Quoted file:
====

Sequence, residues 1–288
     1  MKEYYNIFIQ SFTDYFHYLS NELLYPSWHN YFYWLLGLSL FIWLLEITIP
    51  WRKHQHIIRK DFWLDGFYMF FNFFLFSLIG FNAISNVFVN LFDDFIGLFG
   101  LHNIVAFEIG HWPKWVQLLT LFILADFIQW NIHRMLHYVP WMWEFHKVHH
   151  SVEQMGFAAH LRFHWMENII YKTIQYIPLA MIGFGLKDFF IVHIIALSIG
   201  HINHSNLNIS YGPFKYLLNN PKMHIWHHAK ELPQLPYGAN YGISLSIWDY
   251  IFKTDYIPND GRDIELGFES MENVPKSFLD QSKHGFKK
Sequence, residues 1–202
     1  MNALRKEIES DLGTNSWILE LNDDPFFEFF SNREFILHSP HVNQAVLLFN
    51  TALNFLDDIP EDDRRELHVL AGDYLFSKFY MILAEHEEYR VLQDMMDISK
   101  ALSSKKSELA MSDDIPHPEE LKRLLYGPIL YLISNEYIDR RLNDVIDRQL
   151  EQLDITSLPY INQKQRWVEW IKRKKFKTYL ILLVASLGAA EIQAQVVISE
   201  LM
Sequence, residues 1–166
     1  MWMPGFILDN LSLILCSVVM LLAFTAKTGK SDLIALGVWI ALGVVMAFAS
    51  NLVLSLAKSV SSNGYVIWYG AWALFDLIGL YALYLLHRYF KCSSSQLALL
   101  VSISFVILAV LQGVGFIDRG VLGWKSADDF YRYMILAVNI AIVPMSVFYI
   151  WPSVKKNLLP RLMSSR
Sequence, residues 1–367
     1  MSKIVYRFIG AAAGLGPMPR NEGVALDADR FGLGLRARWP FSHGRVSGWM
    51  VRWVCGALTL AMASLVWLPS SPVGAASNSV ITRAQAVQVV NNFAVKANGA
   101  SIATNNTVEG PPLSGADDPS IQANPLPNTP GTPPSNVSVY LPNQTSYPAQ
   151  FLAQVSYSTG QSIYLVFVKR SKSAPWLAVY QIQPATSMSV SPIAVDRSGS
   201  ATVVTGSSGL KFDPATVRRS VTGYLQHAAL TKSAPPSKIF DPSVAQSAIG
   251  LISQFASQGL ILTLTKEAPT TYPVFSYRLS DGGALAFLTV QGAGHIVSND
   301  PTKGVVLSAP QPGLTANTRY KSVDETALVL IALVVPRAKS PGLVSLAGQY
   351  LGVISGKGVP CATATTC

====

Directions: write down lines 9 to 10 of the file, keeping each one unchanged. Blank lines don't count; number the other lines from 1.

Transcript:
     1  MNALRKEIES DLGTNSWILE LNDDPFFEFF SNREFILHSP HVNQAVLLFN
    51  TALNFLDDIP EDDRRELHVL AGDYLFSKFY MILAEHEEYR VLQDMMDISK